Achievements and Trophies have been under the microscope for some time now, but no more so than at GDC 10 when Chris Hecker suggested that the rewards system might well be detrimental to gaming. The 'For' case for rewards is simple - by increasing objectives via a standardised points system one is surely adding longevity to games that might otherwise offer a fairly short lifespan. The competitive element of it all supports and fuels the drive to strive more further points. Boasting rights, it would seem, count for a lot, but that competition is as much a personal thing between player and game as it is between player and peers. But this comes at a price, one that is diametrically opposed to the whole games as art argument, and playing into the hands of those who see gaming as much more of a virtual sport than an artistic experience. David Cage toyed with the possibility of removing Trophies from Heavy Rain because he felt that they might well take the player out of the experience. Nintendo, arguably to their credit, still don't have a standardised rewards system for the Wii.
Hecker's speech, however, called for long-term study on the effects Achievements can have, feeling that maybe a rewards system isn't the way forward after all. He suggested that psychological research put forward the point that 'extrinsic motivators...can decrease intrinsic motivation on interesting tasks'; in other words, playing games for the rewards may be decreasing the desire to simply play games for themselves. As this Destructoid article pointed out, this is a pretty divisive issue, but...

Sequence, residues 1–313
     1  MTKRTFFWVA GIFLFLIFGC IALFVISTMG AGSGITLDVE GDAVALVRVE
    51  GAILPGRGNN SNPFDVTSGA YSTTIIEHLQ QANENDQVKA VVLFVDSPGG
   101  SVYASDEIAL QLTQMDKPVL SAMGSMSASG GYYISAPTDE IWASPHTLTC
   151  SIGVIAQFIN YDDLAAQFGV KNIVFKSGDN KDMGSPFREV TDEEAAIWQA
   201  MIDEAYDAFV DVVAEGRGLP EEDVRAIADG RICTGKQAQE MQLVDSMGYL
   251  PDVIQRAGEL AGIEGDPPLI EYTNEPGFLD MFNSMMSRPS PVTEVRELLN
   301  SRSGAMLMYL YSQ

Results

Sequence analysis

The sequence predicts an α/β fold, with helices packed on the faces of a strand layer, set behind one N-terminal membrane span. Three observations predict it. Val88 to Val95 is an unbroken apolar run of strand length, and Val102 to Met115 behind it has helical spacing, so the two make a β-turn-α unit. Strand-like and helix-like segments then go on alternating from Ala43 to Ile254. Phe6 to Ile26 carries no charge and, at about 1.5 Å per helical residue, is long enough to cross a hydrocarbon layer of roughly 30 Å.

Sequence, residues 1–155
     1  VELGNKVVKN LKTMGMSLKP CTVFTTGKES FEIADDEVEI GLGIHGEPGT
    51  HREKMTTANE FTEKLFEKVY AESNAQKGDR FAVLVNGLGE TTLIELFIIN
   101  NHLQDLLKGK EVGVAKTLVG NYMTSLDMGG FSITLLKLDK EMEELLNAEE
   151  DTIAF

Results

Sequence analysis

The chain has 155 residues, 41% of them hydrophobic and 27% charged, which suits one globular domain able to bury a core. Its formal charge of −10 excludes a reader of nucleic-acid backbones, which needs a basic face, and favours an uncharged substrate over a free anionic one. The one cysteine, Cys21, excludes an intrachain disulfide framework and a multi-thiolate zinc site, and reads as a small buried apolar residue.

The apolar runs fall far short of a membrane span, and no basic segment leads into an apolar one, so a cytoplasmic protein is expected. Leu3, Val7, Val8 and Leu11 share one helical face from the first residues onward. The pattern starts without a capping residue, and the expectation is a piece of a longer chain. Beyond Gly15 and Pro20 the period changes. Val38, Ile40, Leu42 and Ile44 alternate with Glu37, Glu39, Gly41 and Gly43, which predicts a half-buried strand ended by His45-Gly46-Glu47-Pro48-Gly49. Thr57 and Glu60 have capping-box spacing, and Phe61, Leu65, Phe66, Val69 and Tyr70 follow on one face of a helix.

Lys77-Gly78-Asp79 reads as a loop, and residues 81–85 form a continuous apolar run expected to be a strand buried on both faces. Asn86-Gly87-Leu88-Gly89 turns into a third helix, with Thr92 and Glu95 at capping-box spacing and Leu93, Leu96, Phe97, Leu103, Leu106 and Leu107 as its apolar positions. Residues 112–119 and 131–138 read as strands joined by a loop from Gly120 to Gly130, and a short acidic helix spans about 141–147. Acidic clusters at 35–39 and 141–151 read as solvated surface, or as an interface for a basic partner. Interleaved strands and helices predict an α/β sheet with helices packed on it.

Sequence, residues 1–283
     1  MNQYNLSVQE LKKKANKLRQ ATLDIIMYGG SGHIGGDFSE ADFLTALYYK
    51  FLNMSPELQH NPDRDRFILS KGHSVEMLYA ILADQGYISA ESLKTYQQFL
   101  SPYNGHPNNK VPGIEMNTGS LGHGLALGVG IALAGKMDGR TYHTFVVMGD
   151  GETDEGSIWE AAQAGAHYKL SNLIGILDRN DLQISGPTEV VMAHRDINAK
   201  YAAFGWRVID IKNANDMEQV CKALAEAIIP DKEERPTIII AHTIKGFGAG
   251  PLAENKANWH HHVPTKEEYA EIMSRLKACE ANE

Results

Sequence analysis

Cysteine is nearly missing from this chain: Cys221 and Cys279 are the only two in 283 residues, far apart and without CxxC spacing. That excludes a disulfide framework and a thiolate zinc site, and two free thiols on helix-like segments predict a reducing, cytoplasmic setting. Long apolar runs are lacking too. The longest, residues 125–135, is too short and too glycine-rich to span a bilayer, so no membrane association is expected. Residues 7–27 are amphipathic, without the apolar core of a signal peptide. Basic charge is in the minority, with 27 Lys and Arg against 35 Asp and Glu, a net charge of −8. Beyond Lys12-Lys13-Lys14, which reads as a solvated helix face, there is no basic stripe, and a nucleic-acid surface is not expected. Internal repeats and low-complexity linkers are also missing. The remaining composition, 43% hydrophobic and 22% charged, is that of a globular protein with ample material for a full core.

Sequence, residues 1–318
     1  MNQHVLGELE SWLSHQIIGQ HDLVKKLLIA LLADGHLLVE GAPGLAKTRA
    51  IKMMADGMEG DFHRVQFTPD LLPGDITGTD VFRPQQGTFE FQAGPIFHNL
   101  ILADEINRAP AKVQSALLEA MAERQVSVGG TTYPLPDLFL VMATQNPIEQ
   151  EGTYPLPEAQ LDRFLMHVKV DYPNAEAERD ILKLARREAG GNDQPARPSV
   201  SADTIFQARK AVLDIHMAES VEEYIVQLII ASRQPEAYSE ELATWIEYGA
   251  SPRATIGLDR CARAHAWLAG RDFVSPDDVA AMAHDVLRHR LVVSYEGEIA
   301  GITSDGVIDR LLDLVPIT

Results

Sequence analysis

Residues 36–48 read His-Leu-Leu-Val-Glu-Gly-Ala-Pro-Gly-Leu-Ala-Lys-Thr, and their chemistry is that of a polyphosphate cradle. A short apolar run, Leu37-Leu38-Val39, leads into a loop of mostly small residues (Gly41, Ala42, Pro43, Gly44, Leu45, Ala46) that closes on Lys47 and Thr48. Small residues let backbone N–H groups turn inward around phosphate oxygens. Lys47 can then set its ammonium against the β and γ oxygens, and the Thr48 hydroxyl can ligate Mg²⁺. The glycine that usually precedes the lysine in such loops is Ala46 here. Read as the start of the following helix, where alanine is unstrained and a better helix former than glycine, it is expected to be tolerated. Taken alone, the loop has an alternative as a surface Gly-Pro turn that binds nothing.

'Even with all of the catty disagreements between the behavioralists and the antibehavioralists, both groups agree on two fundamental things:
1. For interesting tasks, tangible, expected, contingent rewards reduce intrinsic motivation.
2. Verbal, unexpected, informational feedback increases intrinsic motivation.
Even if these are the only things psychologists agree on, these are huge statements. Hecker says normal game motivators are built on extrinsic, expected, contingent rewards, "and that's pretty scary to me."'
I know people that refuse to buy PS3 games unless they have Trophy support, others (like my own personal anecdote above) who'll seek out games with 'easy' Achievements to pad their Gamerscores.
Then of course, there are the guides. I have a fundamental issue with guides, and the only time I end up using them is for irritating collecting quests that are nearly always implemented for pure padding reasons. Collection quests are the curse of the sandbox genre, nearly always resulting in frustrating grinding and often requiring cross-referencing with a map usually because they're a seeming afterthought.
I'm not saying that Achievements and Trophies are bad, and neither really was Hecker, but the point that this field warrants further study and consideration. Don't get me wrong, Achievements have injected life into stale titles, pressed me to pursue ways of playing that I might not have otherwise considered and have added replay value to games that I might not have normally played again. But my motivation for that is completely suspect: whereas before I'd have happily have played a game numerous times out of sheer enjoyment, now that has, in some cases, been subsumed by expectation of reward.
What are your thoughts on standardised reward systems? Let us know in the comments box below.